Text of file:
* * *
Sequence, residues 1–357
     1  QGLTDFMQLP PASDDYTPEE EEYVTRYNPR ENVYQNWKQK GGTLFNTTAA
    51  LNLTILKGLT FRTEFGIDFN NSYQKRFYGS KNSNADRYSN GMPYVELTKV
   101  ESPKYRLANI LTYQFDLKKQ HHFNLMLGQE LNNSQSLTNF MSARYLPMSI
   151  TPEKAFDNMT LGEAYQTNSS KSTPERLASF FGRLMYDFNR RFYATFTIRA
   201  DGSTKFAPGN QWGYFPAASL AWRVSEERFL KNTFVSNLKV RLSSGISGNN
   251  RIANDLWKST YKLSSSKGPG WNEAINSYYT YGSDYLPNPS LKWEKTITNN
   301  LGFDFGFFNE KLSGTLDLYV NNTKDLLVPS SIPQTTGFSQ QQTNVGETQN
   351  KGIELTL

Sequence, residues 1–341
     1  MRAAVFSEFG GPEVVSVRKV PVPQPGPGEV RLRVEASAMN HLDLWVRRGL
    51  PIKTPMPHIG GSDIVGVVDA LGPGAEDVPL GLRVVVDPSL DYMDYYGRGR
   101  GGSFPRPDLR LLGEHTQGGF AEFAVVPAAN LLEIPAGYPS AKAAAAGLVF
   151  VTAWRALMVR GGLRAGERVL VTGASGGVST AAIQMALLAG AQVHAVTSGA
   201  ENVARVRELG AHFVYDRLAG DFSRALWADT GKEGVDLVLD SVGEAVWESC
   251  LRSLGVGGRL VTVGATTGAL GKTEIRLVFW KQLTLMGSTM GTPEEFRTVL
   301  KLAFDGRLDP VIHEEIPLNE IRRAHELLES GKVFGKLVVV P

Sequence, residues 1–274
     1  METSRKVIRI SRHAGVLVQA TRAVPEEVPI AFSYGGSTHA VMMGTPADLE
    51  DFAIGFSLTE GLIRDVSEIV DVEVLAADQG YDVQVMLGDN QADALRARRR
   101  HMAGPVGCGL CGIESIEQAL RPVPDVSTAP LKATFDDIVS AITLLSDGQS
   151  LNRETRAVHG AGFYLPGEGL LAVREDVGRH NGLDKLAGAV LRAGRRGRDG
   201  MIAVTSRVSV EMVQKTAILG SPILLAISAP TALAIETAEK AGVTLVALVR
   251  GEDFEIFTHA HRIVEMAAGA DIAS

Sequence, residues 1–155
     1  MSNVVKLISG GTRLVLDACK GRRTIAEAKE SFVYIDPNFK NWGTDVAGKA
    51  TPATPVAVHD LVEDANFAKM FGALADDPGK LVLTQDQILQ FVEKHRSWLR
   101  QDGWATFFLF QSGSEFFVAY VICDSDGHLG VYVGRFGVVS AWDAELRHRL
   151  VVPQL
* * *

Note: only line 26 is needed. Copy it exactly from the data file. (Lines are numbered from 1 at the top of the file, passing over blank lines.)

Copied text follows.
     1  MSNVVKLISG GTRLVLDACK GRRTIAEAKE SFVYIDPNFK NWGTDVAGKA